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Opioid receptors: drivers to addiction?

Nature Reviews Neuroscience (2018) | Download Citation


Drug addiction is a worldwide societal problem and public health burden, and results from recreational drug use that develops into a complex brain disorder. The opioid system, one of the first discovered neuropeptide systems in the history of neuroscience, is central to addiction. Recently, opioid receptors have been propelled back on stage by the rising opioid epidemics, revolutions in G protein-coupled receptor research and fascinating developments in basic neuroscience. This Review discusses rapidly advancing research into the role of opioid receptors in addiction, and addresses the key questions of whether we can kill pain without addiction using mu-opioid-receptor-targeting opiates, how mu- and kappa-opioid receptors operate within the neurocircuitry of addiction and whether we can bridge human and animal opioid research in the field of drug abuse.

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The authors deeply thank the CNRS/INSERM/University of Strasbourg (France), the US National Institutes of Health (National Institute of Drug Abuse Grant 05010 and National Institute on Alcohol Abuse and Alcoholism Grant 16658 to B.L.K.), the Canada Fund for Innovation and the Canada Research Chairs (to B.L.K and E.D.), and the Bourgeois family (B.L.K. is the Bourgeois Chair for Pervasive Developmental Disorders) for continuous support.

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Nature Reviews Neuroscience thanks E. J. Nestler and the other anonymous reviewer(s) for their contribution to the peer review of this work.

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  1. Douglas Mental Health Institute, Department of Psychiatry, McGill University, Montreal, Quebec, Canada

    • Emmanuel Darcq
    •  & Brigitte Lina Kieffer
  2. Institut de Génétique et de Biologie Moléculaire et Cellulaire, INSERM, Centre National de la Recherche Scientifique and University of Strasbourg, Strasbourg, France

    • Brigitte Lina Kieffer


  1. Search for Emmanuel Darcq in:

  2. Search for Brigitte Lina Kieffer in:


E.D. and B.L.K. researched data for the article, made substantial contributions to the discussion of content, wrote the article and reviewed and edited the manuscript before submission.

Competing interests

The authors declare no competing interests.

Corresponding author

Correspondence to Brigitte Lina Kieffer.

Supplementary information



An effect caused by drugs, mimicking symptoms of psychosis, such as agitation, delusions and delirium.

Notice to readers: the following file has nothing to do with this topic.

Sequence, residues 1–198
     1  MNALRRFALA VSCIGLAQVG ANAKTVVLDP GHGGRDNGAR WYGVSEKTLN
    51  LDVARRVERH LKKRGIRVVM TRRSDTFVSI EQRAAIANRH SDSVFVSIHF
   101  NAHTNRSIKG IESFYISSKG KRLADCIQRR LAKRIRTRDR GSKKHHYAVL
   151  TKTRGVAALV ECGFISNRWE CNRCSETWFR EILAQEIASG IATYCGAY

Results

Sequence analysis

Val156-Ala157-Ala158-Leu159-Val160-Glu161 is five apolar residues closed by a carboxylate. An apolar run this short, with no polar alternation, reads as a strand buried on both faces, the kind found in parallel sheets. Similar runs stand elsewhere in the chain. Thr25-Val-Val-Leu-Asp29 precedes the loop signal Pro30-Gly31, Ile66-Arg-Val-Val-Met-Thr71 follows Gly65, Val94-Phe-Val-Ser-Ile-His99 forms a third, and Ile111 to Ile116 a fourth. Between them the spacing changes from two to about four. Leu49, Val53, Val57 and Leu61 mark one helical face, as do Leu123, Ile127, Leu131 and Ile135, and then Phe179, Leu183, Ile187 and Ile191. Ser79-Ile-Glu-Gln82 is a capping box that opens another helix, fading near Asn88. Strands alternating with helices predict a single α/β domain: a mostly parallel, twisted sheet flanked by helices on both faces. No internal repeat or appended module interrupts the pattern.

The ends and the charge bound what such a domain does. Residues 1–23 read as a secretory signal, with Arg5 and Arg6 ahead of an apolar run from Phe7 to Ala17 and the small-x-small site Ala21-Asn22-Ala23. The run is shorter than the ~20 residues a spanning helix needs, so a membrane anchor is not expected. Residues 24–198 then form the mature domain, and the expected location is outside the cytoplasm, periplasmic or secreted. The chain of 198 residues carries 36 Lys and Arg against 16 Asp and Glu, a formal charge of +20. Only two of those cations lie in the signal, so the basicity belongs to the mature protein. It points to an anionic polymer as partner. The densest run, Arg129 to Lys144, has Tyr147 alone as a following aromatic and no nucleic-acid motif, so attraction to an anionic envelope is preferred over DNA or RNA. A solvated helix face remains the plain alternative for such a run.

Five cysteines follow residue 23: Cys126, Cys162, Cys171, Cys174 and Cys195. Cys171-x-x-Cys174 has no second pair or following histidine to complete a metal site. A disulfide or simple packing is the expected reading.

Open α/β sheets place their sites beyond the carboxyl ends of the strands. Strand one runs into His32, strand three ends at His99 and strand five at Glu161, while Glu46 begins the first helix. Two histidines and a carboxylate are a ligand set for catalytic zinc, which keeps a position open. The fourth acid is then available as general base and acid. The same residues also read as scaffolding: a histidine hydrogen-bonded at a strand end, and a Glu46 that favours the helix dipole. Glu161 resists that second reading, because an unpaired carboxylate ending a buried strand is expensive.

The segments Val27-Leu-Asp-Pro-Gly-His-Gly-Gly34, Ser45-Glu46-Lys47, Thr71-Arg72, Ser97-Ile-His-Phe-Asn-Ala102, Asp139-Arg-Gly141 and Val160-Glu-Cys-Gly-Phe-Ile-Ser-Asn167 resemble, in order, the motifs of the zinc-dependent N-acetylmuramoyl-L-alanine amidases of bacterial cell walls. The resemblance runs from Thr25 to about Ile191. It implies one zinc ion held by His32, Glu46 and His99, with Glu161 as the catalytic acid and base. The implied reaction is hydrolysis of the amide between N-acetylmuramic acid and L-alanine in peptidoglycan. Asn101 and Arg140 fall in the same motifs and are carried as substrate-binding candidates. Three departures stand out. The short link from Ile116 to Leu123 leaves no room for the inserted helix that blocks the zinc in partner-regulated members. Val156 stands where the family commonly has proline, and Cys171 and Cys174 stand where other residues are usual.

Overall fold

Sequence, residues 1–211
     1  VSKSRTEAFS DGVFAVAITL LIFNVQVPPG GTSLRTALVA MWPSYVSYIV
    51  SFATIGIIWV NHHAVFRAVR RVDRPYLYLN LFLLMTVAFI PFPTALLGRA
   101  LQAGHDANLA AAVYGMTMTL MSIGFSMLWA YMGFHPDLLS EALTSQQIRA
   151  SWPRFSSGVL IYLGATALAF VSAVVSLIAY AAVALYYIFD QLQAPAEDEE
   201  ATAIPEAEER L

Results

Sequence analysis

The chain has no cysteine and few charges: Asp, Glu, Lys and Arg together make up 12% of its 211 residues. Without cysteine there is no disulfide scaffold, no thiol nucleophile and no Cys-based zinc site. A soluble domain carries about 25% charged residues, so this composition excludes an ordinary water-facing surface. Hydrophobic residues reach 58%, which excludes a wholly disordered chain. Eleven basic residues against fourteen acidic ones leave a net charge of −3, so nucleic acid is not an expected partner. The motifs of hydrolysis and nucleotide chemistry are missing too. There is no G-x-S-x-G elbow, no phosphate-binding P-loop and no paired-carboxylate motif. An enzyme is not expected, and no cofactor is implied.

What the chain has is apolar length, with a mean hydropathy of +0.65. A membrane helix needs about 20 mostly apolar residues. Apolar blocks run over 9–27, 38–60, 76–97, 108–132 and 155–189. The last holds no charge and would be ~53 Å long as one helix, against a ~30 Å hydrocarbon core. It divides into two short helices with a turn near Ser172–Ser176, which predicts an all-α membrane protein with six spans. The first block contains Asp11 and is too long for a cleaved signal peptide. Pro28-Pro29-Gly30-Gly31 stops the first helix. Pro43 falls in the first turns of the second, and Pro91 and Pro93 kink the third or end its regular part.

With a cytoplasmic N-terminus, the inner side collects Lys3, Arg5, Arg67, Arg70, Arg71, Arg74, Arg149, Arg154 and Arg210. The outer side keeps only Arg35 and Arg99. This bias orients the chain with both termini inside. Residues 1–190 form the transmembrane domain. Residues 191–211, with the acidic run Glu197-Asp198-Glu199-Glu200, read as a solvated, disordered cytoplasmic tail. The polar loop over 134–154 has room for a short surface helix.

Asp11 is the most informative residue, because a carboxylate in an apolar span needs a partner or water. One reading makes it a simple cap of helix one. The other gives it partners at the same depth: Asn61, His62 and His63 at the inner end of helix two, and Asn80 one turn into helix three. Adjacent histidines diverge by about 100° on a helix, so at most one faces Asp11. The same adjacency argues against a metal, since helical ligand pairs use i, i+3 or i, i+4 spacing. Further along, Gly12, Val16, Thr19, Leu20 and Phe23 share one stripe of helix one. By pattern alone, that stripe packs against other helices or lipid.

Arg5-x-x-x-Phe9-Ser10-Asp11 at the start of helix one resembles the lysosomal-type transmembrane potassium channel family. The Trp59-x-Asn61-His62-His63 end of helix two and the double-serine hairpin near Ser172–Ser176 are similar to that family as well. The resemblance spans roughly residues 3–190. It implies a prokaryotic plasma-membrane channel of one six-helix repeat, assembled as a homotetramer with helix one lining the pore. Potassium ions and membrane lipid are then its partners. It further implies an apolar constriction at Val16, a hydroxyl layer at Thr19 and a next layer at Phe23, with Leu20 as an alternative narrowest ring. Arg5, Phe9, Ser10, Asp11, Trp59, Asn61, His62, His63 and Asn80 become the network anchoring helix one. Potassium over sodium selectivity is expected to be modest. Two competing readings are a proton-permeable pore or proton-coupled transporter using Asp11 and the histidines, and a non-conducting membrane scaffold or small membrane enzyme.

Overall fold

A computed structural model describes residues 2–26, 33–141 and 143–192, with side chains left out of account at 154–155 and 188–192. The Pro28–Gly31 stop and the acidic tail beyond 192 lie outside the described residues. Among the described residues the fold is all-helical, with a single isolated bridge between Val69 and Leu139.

Biased agonism

A signalling response determined by the conformation of the drug–receptor–effector complex that engages only a subset of cellular effectors. Some high-throughput screening programmes have aimed to design novel ‘biased’ drugs with improved therapeutic profiles.

Therapeutic window

Dose range for a drug that allows therapeutic efficacy with no (or minimal) side effects.

Location bias

Bias in receptor signalling dictated by the location of the receptor in the cell (for example, at the surface or in endosomes or Golgi) and the availability of effectors at this site.

Systems bias

Bias in receptor signalling driven by anatomical localization within brain circuits subserving the behavioural response and the effectors available at those sites.

Precision medicine

Also known as personalized medicine. An innovative approach in medicine in which interindividual variability (in lifestyle, environment and genes) is taken into consideration for disease prevention and/or treatment.

Hedonic balance

The equilibrium between positive and negative affect. A positive hedonic state is considered a state of well-being, whereas a negative hedonic state is unpleasant.

Reverse pharmacology

An approach in which a receptor or endogenous ligand is discovered first, the physiological function is determined.

Conditioned place preference

(CPP). A behavioural paradigm in rodents that determines the rewarding or aversive effect of a drug on the basis of time spent in a drug-associated context after conditioning.


(THC). The principal psychoactive component of cannabis, which produces central effects by acting at cannabinoid CB1 receptors.


A group of substances (including cocaine and amphetamines) that enhance physical and cognitive performance. Psychostimulants are used to treat attention deficit–hyperactivity disorder.

Inhibitory controls

A central component of executive functions, geared to inhibit or delay dominant responses to achieve a goal.

Operant photostimulation

Instrumental conditioning in which animals learn to self-administer optogenetic stimulation; used to determine whether a neuronal population mediates reward.


In animal research, extended access to the drug leads to a daily increase (or escalation) of drug intake, which is suggested to reflect loss of control.

Quantitative trait loci

Genomic regions that carry one or more DNA mutations that correlate with phenotypic variations (for example, behaviour, gene expression and protein levels).

Machine learning

A research field in which computers learn to extract patterns from complex data sets without being explicitly programmed for this goal. Helps biologists to build predictions.

Receptor bioavailability

Also known as receptor binding. The quantity of radiotracer that binds to its target receptor in positron emission tomography imaging. Depends on receptor levels and occupancy by endogenous ligands.

Effective connectivity

In functional MRI, a measure of the influence of one brain region on the activity of another brain region.

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